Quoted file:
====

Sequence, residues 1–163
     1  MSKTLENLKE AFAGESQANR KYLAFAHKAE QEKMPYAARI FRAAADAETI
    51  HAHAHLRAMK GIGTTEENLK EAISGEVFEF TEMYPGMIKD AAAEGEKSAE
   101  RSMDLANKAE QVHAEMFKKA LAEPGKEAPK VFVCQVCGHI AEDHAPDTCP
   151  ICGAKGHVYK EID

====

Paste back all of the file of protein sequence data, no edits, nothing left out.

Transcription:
Sequence, residues 1–163
     1  MSKTLENLKE AFAGESQANR KYLAFAHKAE QEKMPYAARI FRAAADAETI
    51  HAHAHLRAMK GIGTTEENLK EAISGEVFEF TEMYPGMIKD AAAEGEKSAE
   101  RSMDLANKAE QVHAEMFKKA LAEPGKEAPK VFVCQVCGHI AEDHAPDTCP
   151  ICGAKGHVYK EID